Burrough Hill dig reveals 'sizeable' hoard of Iron Age metal
"A hoard of Iron Age metal found at a Leicestershire site could go on permanent display, archaeologists say.
The dig at Burrough Hill, near Melton Mowbray, has uncovered one of the biggest collections of Iron Age metalwork found in the East Midlands.
The finds include spears, knives, iron brooches, reaping hooks and the decorative bronze trim from a shield.
Burrough Hill is the site of an Iron Age fort but no major excavation had taken place there since the 1970s."
More on the BBC here...
Neolithic acoustics of Stonehenge revealed by academics
Following on from ryaner's post...
"A team of academics have revealed the "sonic experience" that early visitors to Stonehenge would have heard.
Scholars from the Universities of Salford, Huddersfield and Bristol used an American replica of the monument to investigate its audio history.
Salford's Dr Bruno Fazenda said they had found the site reacted to sound "in a way that would have been noticeable to the Neolithic man".
He said the research would allow a "more holistic" view of its past."
Flag Fen archaeology idea brings in public to dig deep
"Renowned Bronze Age archaeological site Flag Fen in Cambridgeshire will host a first-of-its-kind dig that makes the public integral to the project.
The idea combines both "crowdfunding" and "crowdsourcing"; for contributions starting at £125, donors can get their hands very dirty and dig for a day.
The venture's website will also stream live video from the dig as well as host lectures and interviews with experts."
Prehistoric finds on remote St Kilda's Boreray isle
The remains of a permanent settlement which could date back to the Iron Age has been uncovered on a remote Scottish island, according to archaeologists.
It was previously thought Boreray in the St Kilda archipelago was only visited by islanders to hunt seabirds and gather wool from sheep.
Archaeologists have now recorded an extensive agricultural field system and terraces for cultivating crops.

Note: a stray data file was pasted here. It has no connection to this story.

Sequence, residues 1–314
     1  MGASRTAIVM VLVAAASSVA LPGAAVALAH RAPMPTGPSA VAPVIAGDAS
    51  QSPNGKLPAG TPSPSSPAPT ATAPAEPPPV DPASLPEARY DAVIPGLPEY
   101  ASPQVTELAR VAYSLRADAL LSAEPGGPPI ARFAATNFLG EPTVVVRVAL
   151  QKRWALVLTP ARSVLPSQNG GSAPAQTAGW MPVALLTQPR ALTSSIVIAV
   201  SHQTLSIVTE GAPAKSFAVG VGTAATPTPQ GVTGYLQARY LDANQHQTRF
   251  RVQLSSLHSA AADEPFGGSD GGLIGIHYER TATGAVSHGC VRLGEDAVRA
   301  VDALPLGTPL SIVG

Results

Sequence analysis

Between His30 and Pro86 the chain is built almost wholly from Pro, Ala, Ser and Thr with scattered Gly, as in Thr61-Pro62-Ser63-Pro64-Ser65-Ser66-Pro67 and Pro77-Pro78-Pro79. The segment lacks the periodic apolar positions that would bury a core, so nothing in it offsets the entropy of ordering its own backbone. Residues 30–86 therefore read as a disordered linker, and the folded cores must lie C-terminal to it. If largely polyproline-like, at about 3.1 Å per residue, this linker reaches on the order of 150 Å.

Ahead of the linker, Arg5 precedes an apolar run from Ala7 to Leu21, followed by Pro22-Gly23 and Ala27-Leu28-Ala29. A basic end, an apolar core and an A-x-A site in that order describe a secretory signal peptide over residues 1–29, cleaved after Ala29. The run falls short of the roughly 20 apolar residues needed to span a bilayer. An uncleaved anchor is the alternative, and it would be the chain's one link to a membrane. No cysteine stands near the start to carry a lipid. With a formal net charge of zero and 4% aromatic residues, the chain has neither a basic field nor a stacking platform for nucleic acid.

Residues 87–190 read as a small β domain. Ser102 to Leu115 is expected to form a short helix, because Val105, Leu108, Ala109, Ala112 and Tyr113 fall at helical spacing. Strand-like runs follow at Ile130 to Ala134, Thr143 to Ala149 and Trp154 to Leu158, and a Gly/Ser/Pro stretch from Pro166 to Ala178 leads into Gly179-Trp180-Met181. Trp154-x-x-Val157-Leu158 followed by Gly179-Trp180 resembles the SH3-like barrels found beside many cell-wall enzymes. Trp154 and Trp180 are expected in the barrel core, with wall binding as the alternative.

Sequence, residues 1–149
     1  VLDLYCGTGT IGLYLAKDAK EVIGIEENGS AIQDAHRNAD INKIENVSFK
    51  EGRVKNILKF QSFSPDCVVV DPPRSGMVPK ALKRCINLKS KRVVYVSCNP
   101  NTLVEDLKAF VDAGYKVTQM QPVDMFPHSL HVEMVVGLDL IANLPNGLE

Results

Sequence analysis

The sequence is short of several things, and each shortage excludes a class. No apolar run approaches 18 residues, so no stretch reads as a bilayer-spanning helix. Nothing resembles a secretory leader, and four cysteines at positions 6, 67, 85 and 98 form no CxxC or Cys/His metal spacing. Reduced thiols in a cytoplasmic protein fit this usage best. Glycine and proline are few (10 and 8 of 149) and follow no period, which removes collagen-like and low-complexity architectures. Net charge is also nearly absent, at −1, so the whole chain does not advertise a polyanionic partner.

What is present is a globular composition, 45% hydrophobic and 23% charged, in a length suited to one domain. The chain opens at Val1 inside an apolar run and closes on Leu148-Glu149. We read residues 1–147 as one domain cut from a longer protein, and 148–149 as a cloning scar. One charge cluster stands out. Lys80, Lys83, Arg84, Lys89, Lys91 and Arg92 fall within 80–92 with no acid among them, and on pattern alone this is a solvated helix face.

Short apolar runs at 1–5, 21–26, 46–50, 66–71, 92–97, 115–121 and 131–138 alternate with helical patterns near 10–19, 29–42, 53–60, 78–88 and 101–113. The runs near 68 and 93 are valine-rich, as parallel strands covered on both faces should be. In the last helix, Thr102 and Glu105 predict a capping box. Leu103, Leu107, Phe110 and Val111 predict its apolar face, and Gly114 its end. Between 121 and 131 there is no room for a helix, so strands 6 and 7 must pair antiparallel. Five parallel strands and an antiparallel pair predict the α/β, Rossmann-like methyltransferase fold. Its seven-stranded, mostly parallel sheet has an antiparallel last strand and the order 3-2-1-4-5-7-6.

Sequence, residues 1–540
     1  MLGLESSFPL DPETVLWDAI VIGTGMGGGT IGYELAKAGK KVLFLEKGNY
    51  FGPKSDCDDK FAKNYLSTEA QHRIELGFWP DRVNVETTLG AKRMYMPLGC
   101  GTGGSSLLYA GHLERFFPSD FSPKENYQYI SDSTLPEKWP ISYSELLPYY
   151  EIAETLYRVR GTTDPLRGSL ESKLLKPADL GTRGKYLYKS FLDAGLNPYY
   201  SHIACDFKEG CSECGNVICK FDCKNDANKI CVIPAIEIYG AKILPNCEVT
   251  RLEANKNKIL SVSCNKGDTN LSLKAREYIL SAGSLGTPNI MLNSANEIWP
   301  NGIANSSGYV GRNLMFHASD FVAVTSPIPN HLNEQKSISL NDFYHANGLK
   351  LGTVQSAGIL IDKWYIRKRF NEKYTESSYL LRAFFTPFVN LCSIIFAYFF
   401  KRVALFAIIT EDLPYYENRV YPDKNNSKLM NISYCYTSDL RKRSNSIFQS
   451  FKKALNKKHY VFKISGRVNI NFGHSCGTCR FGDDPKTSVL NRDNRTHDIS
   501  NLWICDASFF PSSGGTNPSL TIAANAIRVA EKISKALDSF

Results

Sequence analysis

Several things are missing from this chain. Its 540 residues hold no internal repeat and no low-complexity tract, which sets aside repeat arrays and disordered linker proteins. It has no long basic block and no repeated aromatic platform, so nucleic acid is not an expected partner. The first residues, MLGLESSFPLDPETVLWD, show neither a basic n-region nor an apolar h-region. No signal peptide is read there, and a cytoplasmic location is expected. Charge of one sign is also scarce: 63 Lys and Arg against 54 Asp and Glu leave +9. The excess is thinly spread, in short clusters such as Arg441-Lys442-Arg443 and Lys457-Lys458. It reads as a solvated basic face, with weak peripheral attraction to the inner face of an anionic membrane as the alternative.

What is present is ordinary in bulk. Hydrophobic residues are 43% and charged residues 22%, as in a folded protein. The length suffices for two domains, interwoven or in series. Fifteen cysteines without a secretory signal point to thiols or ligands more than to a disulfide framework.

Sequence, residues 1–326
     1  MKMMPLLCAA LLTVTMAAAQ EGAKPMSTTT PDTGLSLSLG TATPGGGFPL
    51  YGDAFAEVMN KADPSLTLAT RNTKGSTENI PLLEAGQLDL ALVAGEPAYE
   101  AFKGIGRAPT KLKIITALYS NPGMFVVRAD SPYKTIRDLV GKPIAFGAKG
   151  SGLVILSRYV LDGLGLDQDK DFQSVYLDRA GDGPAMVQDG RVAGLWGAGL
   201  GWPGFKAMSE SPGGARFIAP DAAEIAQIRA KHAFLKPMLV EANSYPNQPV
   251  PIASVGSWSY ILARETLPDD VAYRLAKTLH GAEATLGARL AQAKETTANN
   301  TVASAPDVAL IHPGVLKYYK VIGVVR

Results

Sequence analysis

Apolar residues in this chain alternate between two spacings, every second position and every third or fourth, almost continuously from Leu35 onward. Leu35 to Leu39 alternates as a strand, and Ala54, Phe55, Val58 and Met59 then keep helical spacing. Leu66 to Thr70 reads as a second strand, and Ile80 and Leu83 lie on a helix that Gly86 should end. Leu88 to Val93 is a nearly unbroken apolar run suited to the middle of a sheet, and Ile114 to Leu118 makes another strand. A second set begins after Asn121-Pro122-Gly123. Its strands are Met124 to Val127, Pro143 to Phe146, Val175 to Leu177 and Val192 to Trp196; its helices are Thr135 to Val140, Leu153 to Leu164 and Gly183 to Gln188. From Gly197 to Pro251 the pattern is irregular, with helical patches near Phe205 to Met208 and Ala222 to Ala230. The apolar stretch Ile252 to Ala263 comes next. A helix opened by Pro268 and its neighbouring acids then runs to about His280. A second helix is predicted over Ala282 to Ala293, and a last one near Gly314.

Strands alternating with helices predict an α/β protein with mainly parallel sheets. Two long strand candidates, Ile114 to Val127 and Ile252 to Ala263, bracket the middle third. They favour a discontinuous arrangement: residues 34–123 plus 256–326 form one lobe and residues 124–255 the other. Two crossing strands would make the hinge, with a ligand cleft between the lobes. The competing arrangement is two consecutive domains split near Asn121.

They have also found an intact stone building buried under soil and turf.
CSI Comes to Rombalds Moor
Investigators made their first expedition onto a wild and windy Rombalds Moor in a project to capture the images from hundreds of ancient carved stones.
The 30-plus CSI – or Carved Stone Investigation – volunteers began their first practical day of training on Saturday for a survey aiming to record prehistoric rock carvings for posterity.
Volunteers will spend the next three years investigating more than 300 carved stones scattered across Rombalds Moor.
As well as detailed written records of the ancient carvings, the teams of five will use photogrammetry techniques to create 3D computerised images of each stone.
The aim is to record the carvings before the destructive power of wind, rain, and growing vegetation erases them permanently.
The intensive survey is taking place with the help of cash from Pennine Prospects' £1.9million Heritage Lottery Fund grant.
Community Archaeologist Gavin Edwards, said: "The survey on Rombalds Moor will be the most comprehensive undertaken in over two decades, and with the help of the volunteers, we will have gathered very valuable information.
"Prehistoric carvings are a unique and valuable part of our heritage, providing a direct link with the people who lived here over 5,000 years ago.
" It is important to try and capture a detailed record of the carved stones and their surrounding landscape both for current studies and to guide conservation management, so we can protect them for future generations. Existing records indicate that over 300 carved panels lie on the moors between the rivers Wharfe and Aire."
Overseeing the volunteers are Tertia Barnett, who has worked on a range of international archaeological projects, rock art expert Kate Sharpe, and rock art researcher Richard Stroud.
Ilkley Gazette 11/02/11
Telegraph & Argus 11/02/11
Nowt much to tell. Live in Lancashire, would like to live on the Isle of Lewis, enjoy hill-walking, playing on bicycles, attempting to play bass guitar, and spending time at ancient sites (preferably remote ones that have to be walked or mountain-biked to).